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Brexit: Jaguar boss issues stark warning for jobs and profits

The boss of the UK's biggest carmaker has warned the government to get "the right Brexit" or it could wipe out his firm's profits and end in big job cuts.

Jaguar Land Rover's Ralf Speth called the prospect of a cliff-edge break with the European Union as "horrifying".

He was speaking at a conference in Birmingham, where Theresa May unveiled a £106m "green" vehicle initiative.

A spokesman for the prime minister said her Chequers Brexit proposals included protections for the car industry.

Mr Speth, who has previously warned of Brexit's impact on JLR, said that if the "wrong decisions" were taken in the negotiations with Brussels, it could result in the "worst of times" for the UK and cost the company more than £1.2bn a year.

"Any friction at the border puts business at jeopardy," he said at the UK's first Zero Emission Vehicle Summit.

"We are absolutely firmly committed to the UK, it's our home. But a hard Brexit will cost Jaguar Land Rover more than £1.2bn a year - it's horrifying, wiping our profit, destroying investment in the autonomous, zero-emissions, we want to share."

He said that if poor UK productivity worsened after Brexit, he would be forced to move manufacturing to somewhere such as Poland, where it was cheaper to make cars.

About a quarter of a million people in the UK rely directly, or indirectly, on the success of his company, Mr Speth said.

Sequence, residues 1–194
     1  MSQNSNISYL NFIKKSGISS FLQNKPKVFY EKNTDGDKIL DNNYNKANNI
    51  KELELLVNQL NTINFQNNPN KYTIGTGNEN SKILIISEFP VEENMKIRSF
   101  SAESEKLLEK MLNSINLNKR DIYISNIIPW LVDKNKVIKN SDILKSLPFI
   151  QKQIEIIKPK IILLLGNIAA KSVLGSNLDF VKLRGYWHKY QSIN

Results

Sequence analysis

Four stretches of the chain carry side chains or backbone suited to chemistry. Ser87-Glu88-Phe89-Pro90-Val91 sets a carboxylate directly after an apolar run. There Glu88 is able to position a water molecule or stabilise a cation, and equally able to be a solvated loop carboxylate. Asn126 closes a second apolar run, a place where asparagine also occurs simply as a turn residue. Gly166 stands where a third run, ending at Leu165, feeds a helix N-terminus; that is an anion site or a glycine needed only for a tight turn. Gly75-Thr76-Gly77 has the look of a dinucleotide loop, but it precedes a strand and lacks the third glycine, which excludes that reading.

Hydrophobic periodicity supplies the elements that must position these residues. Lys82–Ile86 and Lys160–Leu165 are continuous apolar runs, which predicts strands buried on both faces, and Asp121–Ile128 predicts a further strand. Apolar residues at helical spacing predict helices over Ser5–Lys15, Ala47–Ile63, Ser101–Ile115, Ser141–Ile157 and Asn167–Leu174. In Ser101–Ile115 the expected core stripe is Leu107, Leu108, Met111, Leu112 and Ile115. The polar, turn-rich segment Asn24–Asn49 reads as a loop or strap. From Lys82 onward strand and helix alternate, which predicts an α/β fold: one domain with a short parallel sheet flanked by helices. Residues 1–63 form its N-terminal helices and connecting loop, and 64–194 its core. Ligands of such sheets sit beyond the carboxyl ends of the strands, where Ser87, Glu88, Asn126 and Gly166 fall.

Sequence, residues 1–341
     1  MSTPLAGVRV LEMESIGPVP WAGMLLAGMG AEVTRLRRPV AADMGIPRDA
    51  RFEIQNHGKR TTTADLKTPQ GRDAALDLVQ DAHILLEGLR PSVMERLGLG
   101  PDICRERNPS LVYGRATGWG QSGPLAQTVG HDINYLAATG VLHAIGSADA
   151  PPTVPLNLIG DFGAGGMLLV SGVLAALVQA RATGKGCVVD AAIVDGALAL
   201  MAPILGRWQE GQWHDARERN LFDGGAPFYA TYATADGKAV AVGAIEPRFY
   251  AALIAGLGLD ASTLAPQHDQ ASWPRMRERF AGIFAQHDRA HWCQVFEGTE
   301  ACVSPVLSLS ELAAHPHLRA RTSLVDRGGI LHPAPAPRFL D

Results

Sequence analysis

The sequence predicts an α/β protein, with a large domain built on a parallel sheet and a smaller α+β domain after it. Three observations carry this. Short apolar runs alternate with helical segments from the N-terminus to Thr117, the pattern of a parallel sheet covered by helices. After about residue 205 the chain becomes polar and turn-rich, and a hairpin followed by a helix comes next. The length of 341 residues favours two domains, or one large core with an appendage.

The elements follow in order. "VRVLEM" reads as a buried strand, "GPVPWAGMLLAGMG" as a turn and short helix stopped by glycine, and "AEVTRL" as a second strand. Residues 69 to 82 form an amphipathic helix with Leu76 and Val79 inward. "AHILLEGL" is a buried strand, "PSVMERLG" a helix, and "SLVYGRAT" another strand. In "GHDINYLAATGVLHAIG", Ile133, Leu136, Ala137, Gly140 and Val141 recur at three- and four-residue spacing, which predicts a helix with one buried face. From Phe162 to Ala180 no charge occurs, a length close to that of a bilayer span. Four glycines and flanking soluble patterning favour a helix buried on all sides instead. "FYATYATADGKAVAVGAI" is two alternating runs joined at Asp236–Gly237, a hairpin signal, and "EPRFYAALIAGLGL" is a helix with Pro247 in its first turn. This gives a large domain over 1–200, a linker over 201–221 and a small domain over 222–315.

'Good deal'

He also criticised policymakers for putting in place more regulations and higher taxes on all diesel vehicles, when he said that newer diesel cars produced by JLR were as green as petrol vehicles.

Mrs May's official spokesman said the government's Brexit plan would protect industries that depend on swift import and export of products.

"The Chequers plan includes specific proposals to protect jobs within industries like the car industry that depend on just-in-time supply chains.

"The common rule book would help ensure frictionless trade with the EU and would see our car sector continue to flourish," he added.

The spokesman said the government had been "engaged with the automotive industry throughout this process... We're working to secure a good deal and the PM is confident that we will succeed in this."

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